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In Flanders Fields

Poem of Remembrance by John McCrae

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Flanders Poppies

Flanders Poppies

Tom Brakefield / Getty Images

Updated: 11/09/2013

During World War I, John McCrae, a Canadian doctor and soldier, tended the wounded and dying at the Second Battle of Ypres in the Flanders area of Belgium as the Canadians held their ground against chlorine gas attacks. When his friend Lt. Alexis Helmer of Ottawa was killed, McCrae performed a quick funeral service. The next day he wrote the poem In Flanders Fields.

In Flanders Fields

In Flanders fields the poppies blow
Between the crosses, row on row,
That mark our place; and in the sky
The larks, still bravely singing, fly
Scarce heard amid the guns below.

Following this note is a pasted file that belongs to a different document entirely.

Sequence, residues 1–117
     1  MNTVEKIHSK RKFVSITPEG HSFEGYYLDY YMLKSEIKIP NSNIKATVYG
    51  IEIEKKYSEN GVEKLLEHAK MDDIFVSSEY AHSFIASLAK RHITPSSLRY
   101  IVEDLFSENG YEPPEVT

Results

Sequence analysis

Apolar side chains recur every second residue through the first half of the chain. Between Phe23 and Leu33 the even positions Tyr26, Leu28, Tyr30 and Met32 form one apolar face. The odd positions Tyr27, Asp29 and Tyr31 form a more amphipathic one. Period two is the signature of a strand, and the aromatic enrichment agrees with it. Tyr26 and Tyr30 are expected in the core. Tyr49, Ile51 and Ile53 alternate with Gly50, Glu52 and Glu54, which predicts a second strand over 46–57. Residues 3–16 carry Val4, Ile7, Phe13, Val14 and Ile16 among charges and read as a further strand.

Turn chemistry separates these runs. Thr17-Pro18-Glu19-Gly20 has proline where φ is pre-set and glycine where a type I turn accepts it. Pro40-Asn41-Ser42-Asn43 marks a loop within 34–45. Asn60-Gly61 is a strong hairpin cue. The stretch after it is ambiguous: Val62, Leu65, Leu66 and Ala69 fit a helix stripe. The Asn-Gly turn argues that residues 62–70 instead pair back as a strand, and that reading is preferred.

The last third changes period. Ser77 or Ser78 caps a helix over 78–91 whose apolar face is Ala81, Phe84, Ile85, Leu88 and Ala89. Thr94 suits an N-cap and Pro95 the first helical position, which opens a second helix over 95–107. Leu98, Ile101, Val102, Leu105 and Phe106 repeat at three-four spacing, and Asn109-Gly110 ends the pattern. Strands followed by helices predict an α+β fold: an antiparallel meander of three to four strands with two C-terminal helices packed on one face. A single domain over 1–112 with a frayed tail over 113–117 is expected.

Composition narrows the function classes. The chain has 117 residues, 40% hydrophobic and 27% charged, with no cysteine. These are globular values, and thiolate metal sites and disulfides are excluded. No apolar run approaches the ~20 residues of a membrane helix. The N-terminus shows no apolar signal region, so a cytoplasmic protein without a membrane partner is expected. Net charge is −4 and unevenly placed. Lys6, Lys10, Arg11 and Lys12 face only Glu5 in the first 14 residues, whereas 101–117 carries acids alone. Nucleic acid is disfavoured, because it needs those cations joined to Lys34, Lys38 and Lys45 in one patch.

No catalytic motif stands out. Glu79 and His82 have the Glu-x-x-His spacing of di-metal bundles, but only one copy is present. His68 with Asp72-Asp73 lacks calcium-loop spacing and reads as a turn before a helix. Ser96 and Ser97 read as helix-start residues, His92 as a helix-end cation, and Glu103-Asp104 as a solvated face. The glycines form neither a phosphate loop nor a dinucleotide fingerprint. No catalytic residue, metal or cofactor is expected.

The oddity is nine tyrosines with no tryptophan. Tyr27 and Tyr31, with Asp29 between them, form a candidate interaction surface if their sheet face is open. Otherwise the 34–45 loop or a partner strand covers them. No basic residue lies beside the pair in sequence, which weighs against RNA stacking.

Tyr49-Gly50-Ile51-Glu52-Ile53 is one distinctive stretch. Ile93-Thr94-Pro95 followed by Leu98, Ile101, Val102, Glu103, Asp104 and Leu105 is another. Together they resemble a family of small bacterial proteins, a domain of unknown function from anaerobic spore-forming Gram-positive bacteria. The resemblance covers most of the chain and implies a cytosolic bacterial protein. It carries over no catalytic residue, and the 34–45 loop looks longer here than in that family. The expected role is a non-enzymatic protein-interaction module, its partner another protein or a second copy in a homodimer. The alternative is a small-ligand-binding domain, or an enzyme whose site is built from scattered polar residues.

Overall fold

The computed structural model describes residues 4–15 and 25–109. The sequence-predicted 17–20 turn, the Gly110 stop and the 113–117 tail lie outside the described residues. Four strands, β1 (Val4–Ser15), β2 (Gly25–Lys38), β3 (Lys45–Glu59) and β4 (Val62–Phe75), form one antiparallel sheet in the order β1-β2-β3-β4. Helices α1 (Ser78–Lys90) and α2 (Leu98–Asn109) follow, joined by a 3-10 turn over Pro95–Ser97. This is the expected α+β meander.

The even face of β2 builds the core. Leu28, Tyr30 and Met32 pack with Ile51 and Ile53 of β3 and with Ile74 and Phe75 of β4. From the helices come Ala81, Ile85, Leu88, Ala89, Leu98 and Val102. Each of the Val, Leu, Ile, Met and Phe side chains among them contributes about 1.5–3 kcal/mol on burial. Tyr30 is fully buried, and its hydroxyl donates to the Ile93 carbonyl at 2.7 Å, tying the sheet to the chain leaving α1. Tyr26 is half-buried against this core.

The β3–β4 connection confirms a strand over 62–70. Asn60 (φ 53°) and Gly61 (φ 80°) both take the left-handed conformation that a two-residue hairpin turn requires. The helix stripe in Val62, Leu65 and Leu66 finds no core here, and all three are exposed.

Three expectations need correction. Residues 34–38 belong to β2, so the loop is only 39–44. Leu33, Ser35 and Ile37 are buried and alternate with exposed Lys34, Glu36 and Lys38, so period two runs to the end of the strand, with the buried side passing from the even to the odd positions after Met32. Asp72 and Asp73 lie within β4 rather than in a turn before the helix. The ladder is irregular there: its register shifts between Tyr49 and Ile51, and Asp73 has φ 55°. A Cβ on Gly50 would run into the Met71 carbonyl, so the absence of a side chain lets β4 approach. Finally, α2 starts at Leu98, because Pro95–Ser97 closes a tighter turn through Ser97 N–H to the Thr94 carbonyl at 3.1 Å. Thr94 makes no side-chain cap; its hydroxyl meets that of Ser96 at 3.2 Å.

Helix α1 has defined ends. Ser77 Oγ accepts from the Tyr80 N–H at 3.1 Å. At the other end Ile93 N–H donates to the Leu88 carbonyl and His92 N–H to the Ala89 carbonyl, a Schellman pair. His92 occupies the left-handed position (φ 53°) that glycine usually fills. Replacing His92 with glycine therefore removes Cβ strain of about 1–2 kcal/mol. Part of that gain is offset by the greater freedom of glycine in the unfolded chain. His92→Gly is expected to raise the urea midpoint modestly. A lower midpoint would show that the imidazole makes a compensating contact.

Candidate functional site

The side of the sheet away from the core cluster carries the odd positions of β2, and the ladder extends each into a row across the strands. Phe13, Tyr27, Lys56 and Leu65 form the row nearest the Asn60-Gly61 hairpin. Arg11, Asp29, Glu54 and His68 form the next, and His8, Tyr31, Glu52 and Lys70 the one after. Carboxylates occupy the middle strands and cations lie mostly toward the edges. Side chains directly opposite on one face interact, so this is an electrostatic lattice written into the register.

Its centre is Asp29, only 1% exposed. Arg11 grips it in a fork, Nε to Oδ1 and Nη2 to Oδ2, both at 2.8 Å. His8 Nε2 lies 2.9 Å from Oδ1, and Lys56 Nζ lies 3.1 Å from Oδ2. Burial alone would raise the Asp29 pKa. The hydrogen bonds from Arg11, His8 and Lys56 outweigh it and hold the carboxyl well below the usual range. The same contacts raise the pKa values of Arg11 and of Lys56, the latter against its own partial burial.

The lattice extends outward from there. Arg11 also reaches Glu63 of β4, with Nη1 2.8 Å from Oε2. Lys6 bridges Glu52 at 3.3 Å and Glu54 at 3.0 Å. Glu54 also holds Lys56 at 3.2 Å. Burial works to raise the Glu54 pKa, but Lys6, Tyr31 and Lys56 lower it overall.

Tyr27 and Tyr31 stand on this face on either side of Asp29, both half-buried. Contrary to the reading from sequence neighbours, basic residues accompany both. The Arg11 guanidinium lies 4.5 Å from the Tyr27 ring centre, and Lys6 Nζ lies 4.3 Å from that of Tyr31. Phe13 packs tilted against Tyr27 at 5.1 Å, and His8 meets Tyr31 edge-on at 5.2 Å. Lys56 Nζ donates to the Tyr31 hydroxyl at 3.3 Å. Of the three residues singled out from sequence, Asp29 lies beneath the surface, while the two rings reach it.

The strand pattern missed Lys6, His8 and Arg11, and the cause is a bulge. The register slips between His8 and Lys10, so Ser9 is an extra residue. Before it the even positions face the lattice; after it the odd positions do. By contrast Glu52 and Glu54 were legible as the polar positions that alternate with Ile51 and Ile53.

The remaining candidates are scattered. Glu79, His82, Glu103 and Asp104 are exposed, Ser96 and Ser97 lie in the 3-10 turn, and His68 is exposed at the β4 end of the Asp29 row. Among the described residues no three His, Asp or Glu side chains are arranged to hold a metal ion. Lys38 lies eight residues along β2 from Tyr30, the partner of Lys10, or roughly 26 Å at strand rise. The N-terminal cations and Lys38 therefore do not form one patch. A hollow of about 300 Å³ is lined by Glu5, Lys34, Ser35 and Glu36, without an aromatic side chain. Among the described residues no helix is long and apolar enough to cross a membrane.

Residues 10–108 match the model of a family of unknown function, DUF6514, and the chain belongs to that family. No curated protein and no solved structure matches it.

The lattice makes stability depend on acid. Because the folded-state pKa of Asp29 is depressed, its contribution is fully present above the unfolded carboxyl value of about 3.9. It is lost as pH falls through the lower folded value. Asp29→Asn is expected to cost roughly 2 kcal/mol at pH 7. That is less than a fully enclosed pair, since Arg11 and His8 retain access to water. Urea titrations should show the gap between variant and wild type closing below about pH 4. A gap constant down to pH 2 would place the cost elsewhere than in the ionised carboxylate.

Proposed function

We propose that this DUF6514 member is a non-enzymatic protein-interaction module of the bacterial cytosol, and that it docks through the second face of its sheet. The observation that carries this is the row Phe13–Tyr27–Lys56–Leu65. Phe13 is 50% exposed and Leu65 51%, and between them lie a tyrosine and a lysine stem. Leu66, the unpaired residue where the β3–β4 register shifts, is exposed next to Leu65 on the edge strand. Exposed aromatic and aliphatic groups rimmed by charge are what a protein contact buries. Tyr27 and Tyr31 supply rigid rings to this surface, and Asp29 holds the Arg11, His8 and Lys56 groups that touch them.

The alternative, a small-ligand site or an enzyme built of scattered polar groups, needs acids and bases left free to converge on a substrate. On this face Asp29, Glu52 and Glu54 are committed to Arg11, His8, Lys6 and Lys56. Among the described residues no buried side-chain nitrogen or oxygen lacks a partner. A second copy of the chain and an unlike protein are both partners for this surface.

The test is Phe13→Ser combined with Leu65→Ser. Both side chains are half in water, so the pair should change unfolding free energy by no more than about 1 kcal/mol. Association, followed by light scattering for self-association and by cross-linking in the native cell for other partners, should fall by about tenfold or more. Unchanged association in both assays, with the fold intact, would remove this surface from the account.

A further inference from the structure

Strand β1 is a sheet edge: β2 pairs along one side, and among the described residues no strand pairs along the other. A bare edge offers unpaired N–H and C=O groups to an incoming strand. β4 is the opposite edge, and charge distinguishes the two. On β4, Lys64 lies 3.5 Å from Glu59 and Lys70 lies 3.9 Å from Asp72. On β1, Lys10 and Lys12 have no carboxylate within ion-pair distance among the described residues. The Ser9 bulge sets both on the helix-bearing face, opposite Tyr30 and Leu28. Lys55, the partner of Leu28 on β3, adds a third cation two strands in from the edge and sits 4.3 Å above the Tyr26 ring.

We are the Dead. Short days ago
We lived, felt dawn, saw sunset glow,
Loved, and were loved, and now we lie
In Flanders fields.

Take up our quarrel with the foe:
To you from failing hands we throw
The torch; be yours to hold it high.
If ye break faith with us who die
We shall not sleep, though poppies grow
In Flanders fields.

~John McCrae, 1915

First published in Punch magazine in 1915, the poem In Flanders Fields has become an abiding symbol of remembrance worldwide.

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